Have you ever given much thought to the voice and message your customers hear when they ring your business and get your telephone answer message?
Do you think it matters that much whether they hear an authoritative male voice or a cheerful female one? And does the actual telephone answer message matter that much as long as the voice tells them which button to press to reach the right department or person?
Well in fact that voice and what it says can be key as to whether that potential customer becomes a client or not so here are a few points to consider to help you make the most of this first point of contact.
1. Think about your brand
When it comes to branding your telephone answer messaging or IVR it’s a lot more intricate than just adding a recorded message here and there. It’s about bringing a sound that your customers will identify you with.
Not sure what that means?
Try listing a few adjectives that describe your business and then use these to help find the voice talent to match. For best practice it’s recommended to use the same voice over artist in all of your messages so make sure that the one you use is a professional who will be available the next time you want a new message recording. Using a cheap voice over artist could mean that they will not stay in the voice over business long and won’t be around when you need them next time.
The same goes for music if you choose a music track then stick with it. It won’t do you any favours to change the tune every couple of weeks as the purpose is to find a sound that identifies you.
2. Make your wording clear & concise
When customers listen to your messages or information when they call you, they only want to hear what’s relevant to them. If they are overwhelmed with an abundance of options, they will most likely end the call. Tell them only what is important.
A 50 word script is about 30 seconds of audio. The duration of each message should be kept as short as possible so each word needs to count.Start off by writing your keywords as bullet points. Add more words to make it more conversational or formal, but always read it aloud to make sure it can be spoken clearly.
3. Choose a reliable voice over artist
Going for a cheap voice artist may be appealing but you’re taking a bigger risk with your brand. Those freelancers could change their fees at any moment, or even decide they don’t want to do voice over work anymore if they are too cheap and can’t stay in business.
4. Use a voice talent that your audience can relate to.
It’s a good idea to take your audience into consideration when deciding on a voice artist for your audio brand. A brisk RP (posh Brit) Voice over may be perfect for a high class winery but may not be the voice a plumber expects when calling his supplier.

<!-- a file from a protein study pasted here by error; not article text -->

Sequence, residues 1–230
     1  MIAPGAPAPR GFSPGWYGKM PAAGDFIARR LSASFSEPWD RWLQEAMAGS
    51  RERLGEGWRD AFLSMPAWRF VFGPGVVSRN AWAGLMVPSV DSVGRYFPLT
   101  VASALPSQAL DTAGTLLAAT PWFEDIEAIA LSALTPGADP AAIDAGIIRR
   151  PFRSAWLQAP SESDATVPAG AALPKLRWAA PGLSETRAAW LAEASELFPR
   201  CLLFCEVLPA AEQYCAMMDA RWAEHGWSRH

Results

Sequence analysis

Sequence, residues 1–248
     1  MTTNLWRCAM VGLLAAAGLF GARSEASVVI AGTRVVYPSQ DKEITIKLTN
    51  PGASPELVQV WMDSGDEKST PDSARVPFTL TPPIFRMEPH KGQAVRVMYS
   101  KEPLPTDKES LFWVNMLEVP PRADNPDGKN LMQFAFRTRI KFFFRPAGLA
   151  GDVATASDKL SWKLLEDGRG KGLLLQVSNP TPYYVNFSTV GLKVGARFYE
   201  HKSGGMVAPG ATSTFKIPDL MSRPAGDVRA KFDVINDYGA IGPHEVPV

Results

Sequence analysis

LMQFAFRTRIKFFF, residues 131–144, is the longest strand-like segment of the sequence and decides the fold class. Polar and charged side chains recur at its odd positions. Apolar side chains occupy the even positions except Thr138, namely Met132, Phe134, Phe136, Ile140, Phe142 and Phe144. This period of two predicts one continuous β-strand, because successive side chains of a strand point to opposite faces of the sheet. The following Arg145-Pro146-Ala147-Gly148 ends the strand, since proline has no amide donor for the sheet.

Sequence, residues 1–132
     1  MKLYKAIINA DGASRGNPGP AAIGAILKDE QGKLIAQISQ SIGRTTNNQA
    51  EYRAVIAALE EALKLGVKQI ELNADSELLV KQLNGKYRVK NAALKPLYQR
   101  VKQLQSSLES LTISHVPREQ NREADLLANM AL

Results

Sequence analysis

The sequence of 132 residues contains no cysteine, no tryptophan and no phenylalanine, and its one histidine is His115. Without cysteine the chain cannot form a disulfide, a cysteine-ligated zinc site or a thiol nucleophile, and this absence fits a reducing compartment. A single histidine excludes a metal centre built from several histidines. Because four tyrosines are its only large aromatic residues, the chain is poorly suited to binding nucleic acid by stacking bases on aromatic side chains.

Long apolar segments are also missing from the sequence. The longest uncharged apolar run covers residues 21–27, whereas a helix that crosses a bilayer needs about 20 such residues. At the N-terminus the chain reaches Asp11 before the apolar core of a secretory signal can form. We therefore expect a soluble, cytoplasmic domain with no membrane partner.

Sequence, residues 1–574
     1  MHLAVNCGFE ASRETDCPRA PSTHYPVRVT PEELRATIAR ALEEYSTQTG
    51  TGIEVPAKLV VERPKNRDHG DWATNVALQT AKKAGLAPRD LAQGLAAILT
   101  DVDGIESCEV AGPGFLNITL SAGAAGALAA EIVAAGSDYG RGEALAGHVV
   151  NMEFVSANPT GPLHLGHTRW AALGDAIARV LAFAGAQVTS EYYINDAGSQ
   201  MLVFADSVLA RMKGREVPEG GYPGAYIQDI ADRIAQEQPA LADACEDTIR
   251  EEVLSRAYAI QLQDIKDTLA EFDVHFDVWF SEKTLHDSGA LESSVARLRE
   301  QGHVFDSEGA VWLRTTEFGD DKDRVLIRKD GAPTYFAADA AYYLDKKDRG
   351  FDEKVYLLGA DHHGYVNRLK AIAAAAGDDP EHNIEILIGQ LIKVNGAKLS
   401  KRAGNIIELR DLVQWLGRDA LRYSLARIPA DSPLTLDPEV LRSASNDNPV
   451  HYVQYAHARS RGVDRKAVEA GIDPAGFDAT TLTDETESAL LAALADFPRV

Most callers to utility companies or banks are woman and these companies choose professional sounding female voices to answer the call. This re-assures the caller that the company understand them.
To find the perfect voice talent for your brand you need to consider the following:
- Age range
If you’re not sure, discuss it with other members of your team, or a voice talent agency. It is important to get this right. It’s so important that the big brands often complete a round of market research to test the customer response to a variety of voices
5. Experiment with different marketing messages
Being on hold to a business is a tremendous opportunity for a company. It can focus a customer’s attention on current marketing campaigns and let them know about the latest offers, events or products.
Weekly, bi-weekly, monthly or quarterly updates to your messages are a good idea to keep the content fresh which is another reason to ensure from the start that your voice artist is reliable and available when you need them.
The first few months might be about trialling what works for you. Make sure to include a call to action just in the same way as you would through any other marketing campaign.
6. Think about the callers experience whilst on hold
Have a listen to your current message and be as critical as you can. Does the voice truly reflect your brand and what about the music? Does it send you to sleep in the first 5 seconds or is it so loud and rocking that you feel a bit jolted? Is that how you want your customers to feel?
Business owners sometimes forget what a prime marketing channel being on hold can be. It’s a fantastic way to upsell more products or services or maintain brand loyalty by improving the caller’s experience.
They are on hold, they are waiting, and they are listening to what you decide they listen to. It’s an opportunity that should not be wasted. If you want them to know you value their time then give them something valuable to listen to
7. Let callers know how else they can contact you.
‘Please leave your message at the beep’ is not all you want to tell your callers if you are unable to take the call.
Being helpful is your goal here and so explain there is an email, website etc to use too.
8. Be unique
Even with your telephone answering message you can stand out and stick in peoples minds. For example, I am with First Direct Bank and one of the pluses of them is the pleasant customer service when I phone and their cheerful IVR (interactive voice response) voice but you can also stand out with a branded sound effect. Think of Intel and their four notes.
A music track can be mixed with the voice messaging fairly easily by a good voice over artist and sound effects added.
The aim is to create a message that sparks an emotion and will be associated and remind customers of your brand, any time they hear it.
Making the most of customer calls is an important way to differentiate your business from competitors. Just giving a little more thought to the voice they hear could make all the difference.
Please email to hear telephone /IVR samples from Deryn Oliver.